Renaissance for the Archery Club
No shaky hands, please: stability is crucial. Three stabilizer rods, in fact, are attached to the center of your bow to steady it, like a tightrope walker’s pole. Take a nice, comfortable stance, feet perpendicular to the target. Pick up the bow, then tie together the thumb and middle finger of the hand holding it with a bow sling, a short cord; that’ll keep the bow tight in your palm. Look through the sight with your dominant eye and close the other one. Grasp the bowstring lightly—just the middle three fingers of your dominant hand, please—then pull back smoothly until your hand touches your nose, lips, and chin in the same place it always does. You hear a clicker snap down when you’ve got the arrow far enough back. Release the string and almost instantly your arrow is in the target. But be sure to hold your posture steady for three seconds after release; otherwise the bow will reflect your body motion—and so will the arrow.
“It’s very similar to golf,” says Samuel Saidel-Goley, a junior in the A.L.B. program at the Extension School and tri-captain (with Alice Tzeng ’10 and Tim Soh, a virology student at the Medical School) of the Harvard Archery Club (www.hcs.harvard.edu/archery/index.html). “Controlling your own thoughts and emotions is the key to stabilizing your body. Like golf, on the follow-through you want to keep the same form after the arrow has left the bow.”
Saidel-Goley has been an archer for 15 years and went to the 2008 U.S. Olympic trials, where he finished in the middle of a pack of 100 aspirants. Archery was revived as a club sport at Harvard in 2005 by Nick Batter ’09, who captained the team for four years, and last year the College Archery Program and USA Archery, the national governing bodies, accepted the club. In March, Harvard’s coed team entered the first-ever Ivy League archery championship at Columbia (Cornell also attended). The Lions, who field a women’s varsity squad, dominated the women’s side, and Saidel-Goley was the top-scoring man. (Archery is a purely individual sport; athletes’ scores are not totaled for a team result, though individual winners do represent their colleges or teams.)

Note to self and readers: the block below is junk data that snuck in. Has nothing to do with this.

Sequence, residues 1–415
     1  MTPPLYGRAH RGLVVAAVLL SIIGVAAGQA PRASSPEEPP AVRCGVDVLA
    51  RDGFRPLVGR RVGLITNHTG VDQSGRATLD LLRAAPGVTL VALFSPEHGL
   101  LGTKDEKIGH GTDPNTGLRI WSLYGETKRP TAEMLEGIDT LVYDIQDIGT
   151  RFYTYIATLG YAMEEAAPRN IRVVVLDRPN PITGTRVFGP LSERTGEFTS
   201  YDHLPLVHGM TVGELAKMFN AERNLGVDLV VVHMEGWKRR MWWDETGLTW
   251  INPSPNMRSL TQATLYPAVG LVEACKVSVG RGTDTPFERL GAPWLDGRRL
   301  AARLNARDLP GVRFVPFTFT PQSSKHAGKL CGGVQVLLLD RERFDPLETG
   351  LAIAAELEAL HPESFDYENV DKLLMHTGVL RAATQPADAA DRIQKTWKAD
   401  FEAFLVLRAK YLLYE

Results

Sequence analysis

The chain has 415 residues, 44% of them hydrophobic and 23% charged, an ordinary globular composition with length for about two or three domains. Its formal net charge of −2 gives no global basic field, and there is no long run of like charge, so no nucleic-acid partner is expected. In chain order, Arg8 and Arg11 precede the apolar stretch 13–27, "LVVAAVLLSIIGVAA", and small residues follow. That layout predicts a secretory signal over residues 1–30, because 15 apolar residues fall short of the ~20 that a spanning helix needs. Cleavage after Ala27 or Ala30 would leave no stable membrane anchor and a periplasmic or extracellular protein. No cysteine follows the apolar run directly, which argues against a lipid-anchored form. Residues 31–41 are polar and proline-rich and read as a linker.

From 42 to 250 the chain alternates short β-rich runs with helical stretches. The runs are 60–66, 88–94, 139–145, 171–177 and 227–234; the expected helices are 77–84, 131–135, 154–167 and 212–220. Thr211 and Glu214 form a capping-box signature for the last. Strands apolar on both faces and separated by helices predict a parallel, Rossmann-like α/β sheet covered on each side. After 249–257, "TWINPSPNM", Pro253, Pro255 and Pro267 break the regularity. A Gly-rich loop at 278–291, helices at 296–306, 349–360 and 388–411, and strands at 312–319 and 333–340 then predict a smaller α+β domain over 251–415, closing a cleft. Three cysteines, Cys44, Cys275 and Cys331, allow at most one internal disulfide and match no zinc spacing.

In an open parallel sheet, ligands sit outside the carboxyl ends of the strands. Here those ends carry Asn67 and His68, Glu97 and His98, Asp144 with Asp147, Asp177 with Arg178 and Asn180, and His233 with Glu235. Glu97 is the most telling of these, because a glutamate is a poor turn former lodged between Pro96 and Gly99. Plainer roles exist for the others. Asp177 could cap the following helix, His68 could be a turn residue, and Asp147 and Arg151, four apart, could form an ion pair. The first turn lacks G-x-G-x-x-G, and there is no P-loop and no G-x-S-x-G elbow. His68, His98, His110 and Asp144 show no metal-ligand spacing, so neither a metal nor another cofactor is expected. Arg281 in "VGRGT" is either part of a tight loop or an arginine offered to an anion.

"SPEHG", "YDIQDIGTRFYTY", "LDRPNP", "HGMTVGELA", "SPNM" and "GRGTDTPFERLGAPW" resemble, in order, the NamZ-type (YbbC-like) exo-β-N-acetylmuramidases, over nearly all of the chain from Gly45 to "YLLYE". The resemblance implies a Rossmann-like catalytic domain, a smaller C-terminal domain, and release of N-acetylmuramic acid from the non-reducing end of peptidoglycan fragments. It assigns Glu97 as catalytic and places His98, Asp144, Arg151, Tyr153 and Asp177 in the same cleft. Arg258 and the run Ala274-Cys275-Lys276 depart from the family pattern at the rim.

Like track and field, archery has both indoor and outdoor versions. Olympic archers shoot outdoors—144 arrows at four-foot-wide targets placed up to 90 meters (nearly the length of a football field) away. Indoor archery, the kind typically practiced in colleges, is scaled down: archers aim at a target a bit over a foot in diameter and 18 meters (59.05 feet) away; each competitor shoots three arrows (an “end”) in two minutes, then retrieves them (one hopes) from the target and tallies the score, repeating the entire process a total of 20 times. (Frequent retrieval of arrows is important because they can easily hit and damage each other; furthermore, an embedded arrow can deflect an arriving one, making its actual point of impact uncertain.) The yellow bull’s-eye on an indoor target is about the size of a half-dollar and worth 10 points; each concentric outer ring (two each of red, blue, black, and white, in order) is worth one point less. Thus with 60 arrows, a perfect score would be 600, and national champions rack up scores in the 570 to 580 range.
The equipment is surprisingly complex: even something seemingly as simple as an arrow has five components: the point, the shaft, the nock (which clips onto the bowstring), the nock pin (attaching the nock to the shaft), and fletching (the “feathers” at the end of the arrow that help stabilize flight). A dozen arrows with tungsten points can cost $700 to $800. “Expensive arrows are a good incentive not to miss the target,” Saidel-Goley says, grinning.
A decent bow can cost $300, but a high-end recurve bow, made of several cast-aluminum and carbon-fiber pieces that lock together (with limbs curving back into an “S” shape), might run $1,500 to $3,000. Luckily, the Archery Club received a generous donation last year from Don Rabska of Easton Sports Development Foundation, in the form of a dozen competitive bows, as well as targets, arrows, quivers, and arm guards. As archers gain skill and strength, they can hold steady with a bow of greater resistance—Saidel-Goley uses a 40-pounder—and so increase velocity. “The faster an arrow gets off the bow,” he explains, “the less time there is to mess it up.”
The newly revived club draws on a long history of archery at Harvard; undergraduates were shooting as members of the Cambridge Tennis and Archery Club in the 1890s, if not earlier. Radcliffe students bagged regional titles in the 1940s and 1950s. Interest peaked at mid century, when archery satisfied physical-education requirements and classes were fully enrolled. “Targets, set up in front of Moors Hall, are frequently not broad enough to receive all the arrows,” reported the Crimson in 1951, “making Moors’s steps an unpopular lounge during shooting hours.” But seasoned archers rarely miss the target, says Saidel-Goley, and in the trauma department, “only Ping-Pong has fewer injuries.”